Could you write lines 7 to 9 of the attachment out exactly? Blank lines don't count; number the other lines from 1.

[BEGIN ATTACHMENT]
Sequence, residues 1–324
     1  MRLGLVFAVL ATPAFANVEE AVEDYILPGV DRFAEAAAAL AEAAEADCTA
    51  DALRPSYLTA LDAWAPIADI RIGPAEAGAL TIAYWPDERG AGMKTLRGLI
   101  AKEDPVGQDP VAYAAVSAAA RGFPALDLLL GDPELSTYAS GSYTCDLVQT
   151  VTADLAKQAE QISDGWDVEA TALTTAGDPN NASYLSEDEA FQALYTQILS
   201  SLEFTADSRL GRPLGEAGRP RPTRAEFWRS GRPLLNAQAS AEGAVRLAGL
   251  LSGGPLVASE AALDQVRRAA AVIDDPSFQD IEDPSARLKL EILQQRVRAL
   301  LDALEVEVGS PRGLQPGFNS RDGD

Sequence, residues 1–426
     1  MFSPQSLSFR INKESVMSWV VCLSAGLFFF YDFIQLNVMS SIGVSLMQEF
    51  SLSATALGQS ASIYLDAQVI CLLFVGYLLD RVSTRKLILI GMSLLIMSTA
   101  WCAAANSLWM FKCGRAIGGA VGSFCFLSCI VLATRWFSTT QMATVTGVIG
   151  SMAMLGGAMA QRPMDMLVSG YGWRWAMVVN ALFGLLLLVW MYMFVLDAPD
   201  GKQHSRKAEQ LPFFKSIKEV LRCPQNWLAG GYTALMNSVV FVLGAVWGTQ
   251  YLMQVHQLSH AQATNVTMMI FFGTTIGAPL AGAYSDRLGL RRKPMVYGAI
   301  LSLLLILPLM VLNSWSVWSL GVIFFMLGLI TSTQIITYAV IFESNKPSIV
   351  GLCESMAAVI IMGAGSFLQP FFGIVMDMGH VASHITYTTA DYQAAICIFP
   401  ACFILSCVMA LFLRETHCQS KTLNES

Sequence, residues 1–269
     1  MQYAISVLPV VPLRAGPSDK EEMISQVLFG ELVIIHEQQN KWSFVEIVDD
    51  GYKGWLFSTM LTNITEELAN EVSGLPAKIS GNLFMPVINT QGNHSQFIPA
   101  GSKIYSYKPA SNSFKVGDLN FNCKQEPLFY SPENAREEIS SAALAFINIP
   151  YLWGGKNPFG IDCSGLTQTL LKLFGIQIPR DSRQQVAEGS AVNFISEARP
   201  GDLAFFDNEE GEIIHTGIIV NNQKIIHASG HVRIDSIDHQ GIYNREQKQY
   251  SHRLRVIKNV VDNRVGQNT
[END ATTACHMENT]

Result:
   251  LSGGPLVASE AALDQVRRAA AVIDDPSFQD IEDPSARLKL EILQQRVRAL
   301  LDALEVEVGS PRGLQPGFNS RDGD

Sequence, residues 1–426